Blackgrass populations as a whole can contain individuals that are susceptible to the herbicide as well as those that exhibit either of the two resistances we’ve mentioned above. 

Blackgrass control within an oilseed rape crop is an effective way to reduce populations as alternative mode of action products to those used in cereal crops, i.e. propyzamide which has no known resistance to blackgrass can be used.

 

How do I control blackgrass?

To prevent blackgrass populations increasing about 95-100% control is consistently required. Effective control is managed through integrated crop management as neither non-chemical nor chemical control methods when used in isolation provide complete control.

A good rotation incorporating both winter and spring drilled crops; mixed species options, i.e. cereals, oilseed rape, potatoes, legumes i.e. peas or beans and sugar beet all provide options to alternate establishment methods, i.e. ploughing versus minimal cultivations; influence drilling date and allow alternative mode of action pesticides to be used.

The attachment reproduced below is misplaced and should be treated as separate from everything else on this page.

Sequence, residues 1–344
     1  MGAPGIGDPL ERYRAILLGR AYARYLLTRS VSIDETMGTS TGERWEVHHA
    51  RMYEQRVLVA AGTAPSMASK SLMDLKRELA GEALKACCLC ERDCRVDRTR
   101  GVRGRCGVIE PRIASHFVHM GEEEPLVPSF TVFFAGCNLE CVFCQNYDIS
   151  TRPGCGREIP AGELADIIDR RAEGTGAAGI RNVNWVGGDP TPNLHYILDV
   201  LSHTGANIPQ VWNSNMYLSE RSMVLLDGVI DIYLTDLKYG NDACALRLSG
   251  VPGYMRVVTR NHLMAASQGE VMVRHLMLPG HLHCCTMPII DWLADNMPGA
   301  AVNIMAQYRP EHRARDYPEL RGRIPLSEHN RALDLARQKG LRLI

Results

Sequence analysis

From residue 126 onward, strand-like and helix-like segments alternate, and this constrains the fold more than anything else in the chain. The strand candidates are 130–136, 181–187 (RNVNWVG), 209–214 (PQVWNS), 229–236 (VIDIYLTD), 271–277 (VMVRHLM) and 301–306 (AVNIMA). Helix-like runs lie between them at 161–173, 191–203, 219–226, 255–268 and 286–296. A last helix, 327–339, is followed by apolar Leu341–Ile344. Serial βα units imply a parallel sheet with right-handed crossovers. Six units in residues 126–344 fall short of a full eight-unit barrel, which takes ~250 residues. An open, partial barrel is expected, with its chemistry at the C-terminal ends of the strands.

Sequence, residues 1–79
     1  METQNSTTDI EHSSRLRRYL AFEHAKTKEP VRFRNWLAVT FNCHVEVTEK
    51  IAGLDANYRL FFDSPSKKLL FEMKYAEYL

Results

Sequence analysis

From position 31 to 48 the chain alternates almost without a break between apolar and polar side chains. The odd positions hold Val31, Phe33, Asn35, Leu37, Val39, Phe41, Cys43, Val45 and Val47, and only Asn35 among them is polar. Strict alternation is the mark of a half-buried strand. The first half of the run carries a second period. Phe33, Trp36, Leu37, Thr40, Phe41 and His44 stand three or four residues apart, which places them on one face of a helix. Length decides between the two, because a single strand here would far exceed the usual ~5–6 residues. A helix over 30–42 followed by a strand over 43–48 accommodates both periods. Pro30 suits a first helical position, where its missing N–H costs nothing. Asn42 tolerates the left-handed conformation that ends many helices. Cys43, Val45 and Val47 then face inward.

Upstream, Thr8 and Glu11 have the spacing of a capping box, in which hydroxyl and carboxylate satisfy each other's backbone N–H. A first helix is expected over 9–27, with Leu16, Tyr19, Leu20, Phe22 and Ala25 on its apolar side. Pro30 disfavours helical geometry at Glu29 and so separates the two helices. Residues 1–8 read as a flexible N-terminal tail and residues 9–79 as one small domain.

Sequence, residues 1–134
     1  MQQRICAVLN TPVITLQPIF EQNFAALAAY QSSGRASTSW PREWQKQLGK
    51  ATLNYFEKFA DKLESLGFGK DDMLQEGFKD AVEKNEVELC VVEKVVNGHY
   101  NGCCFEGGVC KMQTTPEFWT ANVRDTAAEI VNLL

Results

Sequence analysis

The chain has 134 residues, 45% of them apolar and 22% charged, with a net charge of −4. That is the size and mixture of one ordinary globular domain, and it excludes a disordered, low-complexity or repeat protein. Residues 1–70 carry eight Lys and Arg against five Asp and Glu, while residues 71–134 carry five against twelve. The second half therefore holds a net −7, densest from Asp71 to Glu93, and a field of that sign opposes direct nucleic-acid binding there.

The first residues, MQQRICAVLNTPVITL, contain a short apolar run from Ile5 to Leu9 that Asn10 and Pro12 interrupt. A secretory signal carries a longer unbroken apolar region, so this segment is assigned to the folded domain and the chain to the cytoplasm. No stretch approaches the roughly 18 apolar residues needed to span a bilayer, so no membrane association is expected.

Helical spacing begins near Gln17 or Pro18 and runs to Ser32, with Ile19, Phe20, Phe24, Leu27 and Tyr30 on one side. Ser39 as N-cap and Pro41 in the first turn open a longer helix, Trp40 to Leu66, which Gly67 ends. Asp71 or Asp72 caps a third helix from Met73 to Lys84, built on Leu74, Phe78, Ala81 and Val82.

Ploughing usually buries blackgrass seeds to a depth of >5cm from which seedlings are unlikely to survive or emerge and can reduce populations by up to 70%. (Source: Intregrated management of blackgrass I AHDB). This is no longer a common option in the establishment of winter oilseed rape as it can affect the soil moisture content at a critical time and maybe best used in other parts of the rotation.

Using min-till techniques when establishing oilseed rape will mean the blackgrass will germinate from shallow depth and is best placed for root uptake of propyzamide

Min-till can create opportunities for stale seedbeds prior to drilling. If there is sufficient soil moisture for germination of blackgrass seeds, following harvest of the previous crop, they can be controlled with glyphosate or cultivation machinery.

Competitive crops can compete with weeds to varying levels and whilst established winter oilseed rape can sometimes suppress weeds, the introduction of companion cropping has the potential to help increase the ‘suppression effect' whilst also helping to maintain oilseed rape populations in the early establishment phase by reducing attack from cabbage stem flea beetle.

Product choice

Once the oilseed rape crop is evenly established, and has reached at least the three true leaf stage, applications of Kerb® Flo 500 and Astrokerb® can be made from 1st October.